In an era of government layoffs and painful budget cuts, the Marin/Sonoma Mosquito and Vector Control District plans to increase spending by about 6 percent this year.
The board will vote on the proposed spending plan Wednesday night.
The majority of the $8.6 million budget will go toward employee salaries and benefits, which will be increased, along with other chunks to be spent on solar panels, new computers and trucks.
Precisely how the spending is changing at the district is difficult to pin down because it has issued four different proposed budget documents in the past month, and board members and the press were given different versions to review. Also, the dollar amounts listed for how much was budgeted and spent in an "approved final budget" for the year that ended June 30 have been changed in the various versions.
Board members delayed voting on the 2011-12 budget at their June meeting after several complained they weren't given enough information. Now, though, several said they were confident they would have enough information at Wednesday's meeting to vote.
"I think it's quite an interesting situation that we didn't get as much information as we usually do. It seemed like there was some miscommunication," said Tamara Davis, who represents Sonoma County on the board. "And typically we find that the manager keeps us well informed and gives us lots of information beyond what we're needing."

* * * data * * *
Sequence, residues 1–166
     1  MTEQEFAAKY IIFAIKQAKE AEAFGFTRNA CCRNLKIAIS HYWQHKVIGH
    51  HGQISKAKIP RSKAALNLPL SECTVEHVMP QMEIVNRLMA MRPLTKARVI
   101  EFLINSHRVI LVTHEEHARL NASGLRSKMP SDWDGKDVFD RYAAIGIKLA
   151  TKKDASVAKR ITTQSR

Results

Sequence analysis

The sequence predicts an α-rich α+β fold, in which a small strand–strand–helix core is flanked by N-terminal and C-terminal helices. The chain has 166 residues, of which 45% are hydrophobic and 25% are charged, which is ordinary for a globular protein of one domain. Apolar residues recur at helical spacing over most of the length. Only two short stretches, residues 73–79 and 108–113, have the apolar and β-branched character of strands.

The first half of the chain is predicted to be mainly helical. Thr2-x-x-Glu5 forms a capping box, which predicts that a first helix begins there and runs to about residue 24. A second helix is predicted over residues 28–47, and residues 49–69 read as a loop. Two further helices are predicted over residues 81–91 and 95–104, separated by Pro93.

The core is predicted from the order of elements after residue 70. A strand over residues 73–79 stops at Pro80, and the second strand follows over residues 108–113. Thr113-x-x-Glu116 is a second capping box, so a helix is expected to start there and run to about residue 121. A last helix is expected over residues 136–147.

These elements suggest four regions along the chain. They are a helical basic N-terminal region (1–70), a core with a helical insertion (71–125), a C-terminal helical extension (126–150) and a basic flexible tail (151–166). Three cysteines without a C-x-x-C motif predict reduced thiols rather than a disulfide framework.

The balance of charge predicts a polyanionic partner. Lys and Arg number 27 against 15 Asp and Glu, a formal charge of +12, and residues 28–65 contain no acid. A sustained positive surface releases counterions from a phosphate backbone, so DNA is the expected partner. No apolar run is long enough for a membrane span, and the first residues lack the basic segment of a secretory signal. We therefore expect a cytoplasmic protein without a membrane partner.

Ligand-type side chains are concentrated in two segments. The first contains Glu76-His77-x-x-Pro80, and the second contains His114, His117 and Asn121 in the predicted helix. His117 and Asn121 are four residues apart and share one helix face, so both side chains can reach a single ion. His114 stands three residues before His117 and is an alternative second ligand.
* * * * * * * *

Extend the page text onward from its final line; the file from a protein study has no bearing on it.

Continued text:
Jim Wanderscheid, the general manager who's responsible for the budget, said he prepared a brief budget document for the June meeting because that's what the budget committee directed him to do.
"It was just a miscommunication," he said. "There's no conspiracy to hide anything."
Wanderscheid also said he had not wanted to release a full, line-item budget before it was approved by the board because the working documents would contain numbers that would change, and that would confuse the public.
The budget proposal dated June 29 calls for $8.6 million in spending, a 6 percent increase over last year. The proposal calls for spending $1.3 million more than the district expects to receive in revenues.